On the surface, the Cincinnati Reds don’t look like the worst offenders in baseball when it comes to scoring with runners on third base and less than two outs. But a closer look will show why the Reds are much worse than it might seem.
Heading into game action on May 9, the Reds were second in the NL with runners on third and less than two out with 85 plate appearances, trailing only the Colorado Rockies. The Reds were also second in the league in terms of the number (41) of those runners on third who scored.
However, the percentage of those runners scoring start to tell a big part of the story about why the Reds are a losing team so far in 2014. The 48 percent scoring percentage of those runners crossing the plate from third ranks ninth in the NL.
If the Reds could improve their ability to score more runners from third base when the opportunity arises, the Reds’ terrible 5-11 record in one-run games wouldn’t be quite so bad.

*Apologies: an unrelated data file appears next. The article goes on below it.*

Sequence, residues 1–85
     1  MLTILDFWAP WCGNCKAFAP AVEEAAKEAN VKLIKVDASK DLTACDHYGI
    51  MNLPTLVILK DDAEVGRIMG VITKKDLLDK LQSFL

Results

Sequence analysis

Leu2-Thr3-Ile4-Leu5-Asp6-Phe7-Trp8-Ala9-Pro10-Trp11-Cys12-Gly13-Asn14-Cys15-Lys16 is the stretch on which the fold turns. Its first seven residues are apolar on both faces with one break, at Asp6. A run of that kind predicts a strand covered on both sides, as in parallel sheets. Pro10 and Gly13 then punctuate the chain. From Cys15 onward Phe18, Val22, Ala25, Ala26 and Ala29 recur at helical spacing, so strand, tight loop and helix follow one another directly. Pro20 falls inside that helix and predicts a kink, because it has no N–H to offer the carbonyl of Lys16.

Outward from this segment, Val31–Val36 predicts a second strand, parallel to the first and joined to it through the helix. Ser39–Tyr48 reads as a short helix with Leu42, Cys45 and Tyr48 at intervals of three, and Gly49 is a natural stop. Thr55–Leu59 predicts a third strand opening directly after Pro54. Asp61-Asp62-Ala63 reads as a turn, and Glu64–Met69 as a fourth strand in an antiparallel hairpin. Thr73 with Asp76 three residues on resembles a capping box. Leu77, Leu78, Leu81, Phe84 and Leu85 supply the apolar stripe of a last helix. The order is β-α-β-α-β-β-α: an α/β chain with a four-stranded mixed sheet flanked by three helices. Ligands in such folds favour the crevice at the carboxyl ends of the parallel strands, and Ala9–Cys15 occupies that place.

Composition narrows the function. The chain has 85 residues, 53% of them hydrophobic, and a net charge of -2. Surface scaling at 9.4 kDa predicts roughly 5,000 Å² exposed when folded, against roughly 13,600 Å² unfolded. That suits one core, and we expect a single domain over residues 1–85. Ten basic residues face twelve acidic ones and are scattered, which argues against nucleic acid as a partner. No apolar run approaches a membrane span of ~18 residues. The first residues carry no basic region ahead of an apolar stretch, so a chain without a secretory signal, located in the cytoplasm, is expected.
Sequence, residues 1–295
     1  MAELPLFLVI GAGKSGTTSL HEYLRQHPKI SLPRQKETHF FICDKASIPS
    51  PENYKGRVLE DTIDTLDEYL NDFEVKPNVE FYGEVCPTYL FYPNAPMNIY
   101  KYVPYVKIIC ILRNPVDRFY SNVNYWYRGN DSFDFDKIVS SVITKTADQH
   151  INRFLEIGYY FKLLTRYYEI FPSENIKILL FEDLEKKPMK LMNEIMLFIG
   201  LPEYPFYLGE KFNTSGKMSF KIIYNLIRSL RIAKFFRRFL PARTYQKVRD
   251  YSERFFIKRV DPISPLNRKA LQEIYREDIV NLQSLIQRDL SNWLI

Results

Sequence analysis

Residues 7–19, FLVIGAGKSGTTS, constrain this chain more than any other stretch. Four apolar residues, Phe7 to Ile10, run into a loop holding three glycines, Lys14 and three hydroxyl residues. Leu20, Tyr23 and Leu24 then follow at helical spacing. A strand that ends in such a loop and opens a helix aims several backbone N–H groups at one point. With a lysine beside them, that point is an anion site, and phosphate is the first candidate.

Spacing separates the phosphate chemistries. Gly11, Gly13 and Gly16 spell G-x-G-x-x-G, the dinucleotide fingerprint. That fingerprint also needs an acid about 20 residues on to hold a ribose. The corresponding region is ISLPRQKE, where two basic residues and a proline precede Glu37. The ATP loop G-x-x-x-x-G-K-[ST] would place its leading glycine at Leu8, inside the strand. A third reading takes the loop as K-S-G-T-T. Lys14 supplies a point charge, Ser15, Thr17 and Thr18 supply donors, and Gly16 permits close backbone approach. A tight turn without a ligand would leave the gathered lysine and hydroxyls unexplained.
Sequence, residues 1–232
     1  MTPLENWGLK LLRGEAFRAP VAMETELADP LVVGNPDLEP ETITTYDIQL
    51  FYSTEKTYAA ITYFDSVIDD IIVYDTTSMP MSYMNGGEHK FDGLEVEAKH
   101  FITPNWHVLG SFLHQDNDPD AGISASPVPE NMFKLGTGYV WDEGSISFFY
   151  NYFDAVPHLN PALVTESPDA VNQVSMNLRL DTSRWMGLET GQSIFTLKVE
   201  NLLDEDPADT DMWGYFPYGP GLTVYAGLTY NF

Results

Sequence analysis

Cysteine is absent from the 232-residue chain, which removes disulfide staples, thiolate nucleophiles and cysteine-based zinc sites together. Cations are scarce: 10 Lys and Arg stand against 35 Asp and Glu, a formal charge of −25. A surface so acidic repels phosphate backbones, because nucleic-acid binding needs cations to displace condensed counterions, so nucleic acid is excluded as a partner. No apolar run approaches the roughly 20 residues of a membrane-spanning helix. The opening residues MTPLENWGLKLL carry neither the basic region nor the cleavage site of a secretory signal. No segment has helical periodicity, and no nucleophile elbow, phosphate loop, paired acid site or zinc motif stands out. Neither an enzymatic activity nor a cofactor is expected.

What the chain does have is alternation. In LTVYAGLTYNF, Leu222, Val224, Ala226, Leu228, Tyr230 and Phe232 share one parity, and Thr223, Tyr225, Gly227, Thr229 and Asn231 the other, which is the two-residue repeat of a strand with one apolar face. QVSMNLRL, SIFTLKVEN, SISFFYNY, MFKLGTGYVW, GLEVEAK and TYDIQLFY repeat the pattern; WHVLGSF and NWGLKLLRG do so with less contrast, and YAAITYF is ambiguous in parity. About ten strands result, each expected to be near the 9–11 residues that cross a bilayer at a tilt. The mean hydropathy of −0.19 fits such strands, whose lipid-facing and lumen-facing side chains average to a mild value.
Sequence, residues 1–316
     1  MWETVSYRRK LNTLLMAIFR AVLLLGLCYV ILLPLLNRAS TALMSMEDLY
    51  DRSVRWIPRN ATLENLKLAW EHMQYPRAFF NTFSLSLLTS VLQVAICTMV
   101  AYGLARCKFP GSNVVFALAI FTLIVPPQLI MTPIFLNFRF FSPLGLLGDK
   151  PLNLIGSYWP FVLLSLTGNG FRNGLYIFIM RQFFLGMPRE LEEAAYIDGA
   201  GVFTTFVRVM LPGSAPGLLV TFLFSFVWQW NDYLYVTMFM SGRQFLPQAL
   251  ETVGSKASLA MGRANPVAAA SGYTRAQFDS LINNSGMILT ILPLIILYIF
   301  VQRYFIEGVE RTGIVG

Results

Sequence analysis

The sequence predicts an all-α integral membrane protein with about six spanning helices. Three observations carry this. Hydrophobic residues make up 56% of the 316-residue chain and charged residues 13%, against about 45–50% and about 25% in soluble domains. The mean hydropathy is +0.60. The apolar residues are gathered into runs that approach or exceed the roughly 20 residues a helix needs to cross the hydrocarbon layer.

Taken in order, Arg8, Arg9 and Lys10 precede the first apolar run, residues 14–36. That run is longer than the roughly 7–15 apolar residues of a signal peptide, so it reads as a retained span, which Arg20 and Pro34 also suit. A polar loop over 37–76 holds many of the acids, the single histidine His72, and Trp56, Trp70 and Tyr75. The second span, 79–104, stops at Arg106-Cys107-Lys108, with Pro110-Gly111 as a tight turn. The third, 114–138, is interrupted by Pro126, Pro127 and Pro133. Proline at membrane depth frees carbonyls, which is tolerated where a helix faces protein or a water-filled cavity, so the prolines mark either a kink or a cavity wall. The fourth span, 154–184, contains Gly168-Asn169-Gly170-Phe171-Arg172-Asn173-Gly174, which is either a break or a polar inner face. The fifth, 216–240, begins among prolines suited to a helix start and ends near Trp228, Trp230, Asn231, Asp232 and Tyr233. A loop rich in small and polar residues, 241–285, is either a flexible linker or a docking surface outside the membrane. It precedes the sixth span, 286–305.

To make matters worse, the Reds are shooting themselves in the foot more than any other team in baseball. The Reds have had 11 runners thrown out at home, not including force plays. The team closest to this mark of home-plate incompetence is the Kansas City Royals with seven runners thrown out.
Regardless of the outbreak of injuries the Reds have sustained this year, advancing baserunners from third with less than two outs and preventing situations where runners are thrown out at home are fundamentals of baseball that shouldn’t be affected as much by who is or who is not in the lineup — or who slots where in the batting order.
Until the Reds can put their collective heads together, from the players at the plate and on the bases to the coaches on the field and in the dugout (especially manager Bryan Price), the Reds are not even going to live up to last year’s wildcard team. The Reds finished first in runs scored from third base with less than two outs and third overall in percentage of scoring success in that situation under Dusty Baker and former third base coach Mark Berry.